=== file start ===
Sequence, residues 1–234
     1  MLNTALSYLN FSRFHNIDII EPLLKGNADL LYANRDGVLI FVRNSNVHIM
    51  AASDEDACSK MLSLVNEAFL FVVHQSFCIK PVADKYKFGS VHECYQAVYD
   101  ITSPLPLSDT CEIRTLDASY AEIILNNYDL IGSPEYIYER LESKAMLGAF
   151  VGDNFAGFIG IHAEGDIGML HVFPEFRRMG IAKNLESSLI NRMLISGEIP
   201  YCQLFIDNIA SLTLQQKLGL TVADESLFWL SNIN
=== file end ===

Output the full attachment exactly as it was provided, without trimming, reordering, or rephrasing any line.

Sequence, residues 1–234
     1  MLNTALSYLN FSRFHNIDII EPLLKGNADL LYANRDGVLI FVRNSNVHIM
    51  AASDEDACSK MLSLVNEAFL FVVHQSFCIK PVADKYKFGS VHECYQAVYD
   101  ITSPLPLSDT CEIRTLDASY AEIILNNYDL IGSPEYIYER LESKAMLGAF
   151  VGDNFAGFIG IHAEGDIGML HVFPEFRRMG IAKNLESSLI NRMLISGEIP
   201  YCQLFIDNIA SLTLQQKLGL TVADESLFWL SNIN